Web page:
Jean François Millet - the Gleaners (1857)
“Some temptations come to the industrious, but all temptations attack the idle.”
“To do good work a man should no doubt be industrious. To do great work he must certainly be idle as well.”
Henry Ward Beecher
What is Industriousness?
Work is something we all do, every day of our lives. In some way, shape, or form, we labour to produce things to serve one another, create, and find satisfaction therein. Any productive action for the sake of a goal requires motivation, and an impetus from the person. The virtue most closely associated with this is fortitude (courage), comprised of the acts of resisting and undertaking. Industriousness is the virtue that helps directly with the latter.
Colloquially, industriousness suggests ‘productivity’ and ‘work ethic’, yet it is much more – it entails diligent, hard work put toward a given task, done in the spirit of love. Industriousness is something we bring to bear on both our leisure time and various types of work because purposeful, goal-directed activity is a type of labour that should be offered up as a gift to others.
To labour diligently, we must do our work well. This refers to both the effort we expend and the quality of the ensuing product. Too often, we think we can separate the two, but this is incomplete. The essence of work is equally about the outcome as it is what goes into it. Not only does the product suffer at the end of the day if done with lacklustre effort, but the worker and others involved as well. In a desire for expediency or disdain for trivial or tedious work, there is a failure to love oneself and others through the work performed.
To work well, we have to know what we are doing. This requires practice: an investment of time and effort into the acquisition of the proper skills to perform the work. It is not about dominance and showiness but rather a mastery of skill that is attuned to creating out of love. To love well, one must know the good, as the product we are trying to create, and develop the know-how required to create it.
Furthermore, work involves the reasons and mindset we bring to it. Working well requires motivation and dedication to the creation of something of high quality, which involves two aims: doing something with originality so that it is human rather than mechanical, as well as appropriate evaluative standards. Our work cannot be done mindlessly or without an eye to what makes for good work in the domain we’re working in.
Two vices detract from industriousness – laziness and frenetic, non-stop activity. Laziness is not necessarily lack of activity but is more an attitude resulting in depression caused by an inability to summon enough energy to achieve any spiritual good. Our actions are barren when done out of laziness. In contrast, industriousness leads one diligently to complete one’s own duties.
The seeming opposite of laziness is frenetic activity, but it is in fact concealed laziness. Frenetic activity assumes the appearance of industriousness, but it is the attitude and connection to one’s duties that distinguishes it. In frenetic activity, one is fleeing from the diligent pursuit of one’s other duties. Every spurt of activity needs to be balanced by rest and play and flow from a right inner disposition. Ultimately, all fruitful activity must flow from an inner peace. Therefore, it must be rooted in love, which can only be cultivated through rest and contemplation, so that the fruits of our labour are ripe, rather than rotten.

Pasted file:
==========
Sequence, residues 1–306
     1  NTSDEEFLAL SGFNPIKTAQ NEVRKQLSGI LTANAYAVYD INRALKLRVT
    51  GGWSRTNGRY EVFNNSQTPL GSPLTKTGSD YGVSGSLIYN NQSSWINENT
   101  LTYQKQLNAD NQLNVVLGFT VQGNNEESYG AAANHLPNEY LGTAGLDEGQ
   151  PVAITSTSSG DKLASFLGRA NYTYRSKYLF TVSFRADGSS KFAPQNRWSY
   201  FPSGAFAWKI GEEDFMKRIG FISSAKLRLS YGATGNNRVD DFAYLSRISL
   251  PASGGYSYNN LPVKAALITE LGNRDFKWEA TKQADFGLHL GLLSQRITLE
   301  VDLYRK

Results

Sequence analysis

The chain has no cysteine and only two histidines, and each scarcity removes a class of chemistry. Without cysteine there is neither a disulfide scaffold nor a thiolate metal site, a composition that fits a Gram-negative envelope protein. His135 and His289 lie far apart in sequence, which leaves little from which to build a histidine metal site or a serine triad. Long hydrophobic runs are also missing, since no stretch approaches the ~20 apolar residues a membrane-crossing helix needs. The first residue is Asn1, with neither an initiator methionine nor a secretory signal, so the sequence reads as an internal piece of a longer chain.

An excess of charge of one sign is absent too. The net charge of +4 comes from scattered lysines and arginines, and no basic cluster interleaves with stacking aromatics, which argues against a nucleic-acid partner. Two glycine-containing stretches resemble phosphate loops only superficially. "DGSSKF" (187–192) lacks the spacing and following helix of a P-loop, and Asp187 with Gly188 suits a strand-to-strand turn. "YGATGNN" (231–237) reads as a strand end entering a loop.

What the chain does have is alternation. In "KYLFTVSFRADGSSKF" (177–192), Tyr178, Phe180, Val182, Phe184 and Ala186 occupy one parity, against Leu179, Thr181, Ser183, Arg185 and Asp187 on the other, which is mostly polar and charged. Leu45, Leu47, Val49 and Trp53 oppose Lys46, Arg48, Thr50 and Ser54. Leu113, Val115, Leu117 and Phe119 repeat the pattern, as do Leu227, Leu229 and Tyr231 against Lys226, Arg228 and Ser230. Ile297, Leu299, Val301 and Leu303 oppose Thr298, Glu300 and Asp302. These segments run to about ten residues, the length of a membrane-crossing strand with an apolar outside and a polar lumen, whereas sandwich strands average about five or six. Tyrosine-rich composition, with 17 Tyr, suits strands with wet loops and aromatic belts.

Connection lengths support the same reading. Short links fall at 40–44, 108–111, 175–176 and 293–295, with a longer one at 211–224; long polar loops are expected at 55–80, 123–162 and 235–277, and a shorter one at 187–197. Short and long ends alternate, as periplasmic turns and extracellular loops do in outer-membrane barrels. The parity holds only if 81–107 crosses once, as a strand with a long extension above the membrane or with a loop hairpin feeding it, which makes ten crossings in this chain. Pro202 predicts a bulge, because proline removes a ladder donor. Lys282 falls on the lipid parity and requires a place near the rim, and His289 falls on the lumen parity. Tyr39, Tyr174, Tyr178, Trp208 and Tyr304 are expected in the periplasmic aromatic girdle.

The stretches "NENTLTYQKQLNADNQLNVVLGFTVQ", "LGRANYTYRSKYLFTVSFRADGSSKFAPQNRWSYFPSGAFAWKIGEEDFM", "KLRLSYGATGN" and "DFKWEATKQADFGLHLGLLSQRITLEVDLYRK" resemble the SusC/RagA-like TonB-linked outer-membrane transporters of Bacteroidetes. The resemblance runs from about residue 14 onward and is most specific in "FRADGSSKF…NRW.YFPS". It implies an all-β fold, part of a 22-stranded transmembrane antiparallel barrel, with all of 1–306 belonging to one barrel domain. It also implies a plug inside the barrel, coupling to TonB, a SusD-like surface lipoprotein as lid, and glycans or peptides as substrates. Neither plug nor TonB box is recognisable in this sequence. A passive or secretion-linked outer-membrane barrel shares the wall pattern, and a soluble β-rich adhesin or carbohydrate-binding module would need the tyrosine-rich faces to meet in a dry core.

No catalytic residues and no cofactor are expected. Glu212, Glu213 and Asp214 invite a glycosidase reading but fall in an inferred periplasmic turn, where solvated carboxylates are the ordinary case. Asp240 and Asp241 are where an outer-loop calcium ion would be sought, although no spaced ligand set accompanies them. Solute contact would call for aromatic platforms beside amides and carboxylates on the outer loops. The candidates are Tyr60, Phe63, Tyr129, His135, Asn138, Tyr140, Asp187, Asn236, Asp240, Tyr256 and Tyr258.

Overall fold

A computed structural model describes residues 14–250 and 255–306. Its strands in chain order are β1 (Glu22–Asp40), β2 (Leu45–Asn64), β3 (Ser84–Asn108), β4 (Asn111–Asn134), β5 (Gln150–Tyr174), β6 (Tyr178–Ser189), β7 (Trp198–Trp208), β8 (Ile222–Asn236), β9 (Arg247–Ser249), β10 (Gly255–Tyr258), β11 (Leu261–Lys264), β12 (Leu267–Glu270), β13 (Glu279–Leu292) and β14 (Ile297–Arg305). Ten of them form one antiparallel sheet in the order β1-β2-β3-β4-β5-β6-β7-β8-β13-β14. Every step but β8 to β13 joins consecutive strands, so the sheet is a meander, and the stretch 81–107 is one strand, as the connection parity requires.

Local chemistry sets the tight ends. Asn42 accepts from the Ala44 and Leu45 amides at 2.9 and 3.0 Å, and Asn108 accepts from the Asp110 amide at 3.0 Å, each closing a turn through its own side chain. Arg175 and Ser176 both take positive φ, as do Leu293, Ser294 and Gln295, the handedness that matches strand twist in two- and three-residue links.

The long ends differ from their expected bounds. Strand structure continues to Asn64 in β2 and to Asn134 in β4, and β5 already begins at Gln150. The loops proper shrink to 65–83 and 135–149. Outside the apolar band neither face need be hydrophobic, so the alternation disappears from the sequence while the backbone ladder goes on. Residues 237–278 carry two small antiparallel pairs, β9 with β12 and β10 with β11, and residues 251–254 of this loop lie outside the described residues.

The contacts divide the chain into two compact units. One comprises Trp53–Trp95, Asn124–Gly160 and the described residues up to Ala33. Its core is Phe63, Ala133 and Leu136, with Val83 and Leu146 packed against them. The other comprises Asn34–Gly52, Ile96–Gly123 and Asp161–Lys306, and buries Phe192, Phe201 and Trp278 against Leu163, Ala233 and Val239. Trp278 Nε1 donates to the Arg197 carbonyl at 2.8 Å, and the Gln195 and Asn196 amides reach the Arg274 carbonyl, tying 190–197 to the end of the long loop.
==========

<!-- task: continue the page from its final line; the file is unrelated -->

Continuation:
Lastly, work isn’t something done for oneself or for the praise of others, to satisfy one’s ego – it is a service of others. We all know what it is like to labour with a grimace, as though our task were the last thing in the world we’d like to be doing. Work is impoverished if not done in the spirit of generosity. Work as a giver is the ultimate liberation.
Written by: Peter Copeland
Interview on Industriousness, with Peter Copeland
How does the virtue of industriousness relate to work?
Industriousness can be thought of as a combination of work ethic, endurance, and focus. It's so easy for us to spend time working hard, long hours, but with little to show for it. We can easily convince ourselves that, through putting in the time, or working on certain things that are not pertinent to the task at hand, we are 'working hard', when in fact, we are working aimlessly.
Secondly, when properly understood, industriousness means we have a good idea of what work is for. It goes much further than our job description, and fulfilling tasks associated with the goals of an organization. Work is really about serving others, creating things or performing services, and working with people in ways that actually help them. Work is essentially a creative act, where the effort we put in, the manner in which we work, and the standards that we bring to the product all add or detract from its quality and its goodness.
Why is it important in a work context?
In a work context, it's particularly important because we are serving others–our colleagues, customers, clients. As well, the organized nature of a business and its goals means that we have a special duty to perform our tasks at work. What's more, the formal goals of an organization entail specific tasks and outputs that must be completed. This makes thoughtful, efficient, and effective work all the more important.